Industry representative: Fay Richardson
HDC project cost: £6,570
There has been an increasing occurrence of pansy Mottle Syndrome affected Pansy and Viola crops in recent years and there is increasing evidence that other bedding plant species may also be affected by similar distortion symptoms. The increase in the problem coincides with a reduction in use of peat-based substrates and a move to dilute peat with other materials including green waste compost.
A recent HDC desk study (McPherson, 2010) hypothesised that one possible explanation to account for the sporadic but economically damaging symptoms may be the presence of trace (1-10ppb) levels of synthetic auxin herbicides. This hypothesis is reinforced by the fact that many green waste samples submitted for PAS 100 testing are known to be contaminated by trace levels of these herbicides and also by the fact that a small number of litigation cases are occurring as a result of synthetic auxin damage, allegedly originating from contaminated substrates (McPherson, pers com). One of the main difficulties is that sensitive plants such as tomato & field bean are known to be sensitive down to concentrations as low as 1-10ppb and this is below the analytical detection limit in substrates. Therefore, routine laboratory analysis cannot determine their presence unfortunately and a host plant bioassay remains the most sensitive method for detection.
As previous investigations to elucidate a primary cause for Pansy Mottle Syndrome have not been conclusive it is considered appropriate to explore the synthetic auxin hypothesis in more detail. The aim of the proposed study is to spike a growing medium with a range of different concentrations of these herbicides e.g. clopyralid, MCPA, 2,4-D and to grow a range of bedding plant subjects including Pansy & Viola in the substrate alongside unspiked controls for comparison.
Germinated seedlings will be assessed in detail for the presence of distortion to the cotyledons, and emerging true leaves to see if early differences become apparent. Sub-samples of the seedlings will then be grown on further to see if they exhibit ‘classic’ pansy mottle symptoms as they mature.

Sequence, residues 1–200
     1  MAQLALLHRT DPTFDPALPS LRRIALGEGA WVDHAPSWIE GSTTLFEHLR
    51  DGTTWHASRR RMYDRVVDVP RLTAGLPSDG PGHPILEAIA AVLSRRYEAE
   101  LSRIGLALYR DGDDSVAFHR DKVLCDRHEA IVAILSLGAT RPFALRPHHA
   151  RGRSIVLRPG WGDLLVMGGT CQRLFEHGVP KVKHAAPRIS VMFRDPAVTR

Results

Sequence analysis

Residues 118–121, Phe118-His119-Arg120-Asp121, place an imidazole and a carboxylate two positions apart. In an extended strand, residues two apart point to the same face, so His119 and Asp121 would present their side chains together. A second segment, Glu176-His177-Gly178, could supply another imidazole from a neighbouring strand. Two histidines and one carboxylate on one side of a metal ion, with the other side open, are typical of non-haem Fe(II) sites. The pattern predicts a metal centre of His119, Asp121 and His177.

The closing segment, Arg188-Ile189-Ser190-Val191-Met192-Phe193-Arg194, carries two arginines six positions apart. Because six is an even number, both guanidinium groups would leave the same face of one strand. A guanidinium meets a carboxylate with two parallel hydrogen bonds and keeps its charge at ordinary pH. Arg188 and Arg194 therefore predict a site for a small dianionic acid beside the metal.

Benefits to industry:
Pansy Mottle Syndrome, whilst sporadic, is economically damaging when it occurs and its unpredictability and uneven distribution makes crop management very difficult.
If a cause for the symptoms can be found it will provide growers with appropriate knowledge by which to help avoid future problems. It will also provide a strong evidence base with which to demonstrate the risk associated with the use of green waste substrates in peat-based growing media.
The result of the work, will be communicated back to the industry via the British Protected Ornamentals Association (BPOA) and via HDC News.
Aims and objectives:
To investigate the possibility that residual synthetic auxin herbicides, occurring as trace substrate contaminants (possibly following handling of green waste materials) are responsible for the disorder referred to as Pansy Mottle Syndrome
To spike a peat-based growing medium with a range of concentrations of different synthetic auxin herbicides, sow a range of different bedding plant subjects (and field bean as a standard) into the media alongside unspiked controls and grow-on to determine if symptoms consistent with those of Pansy Mottle Syndrome can be reproduced.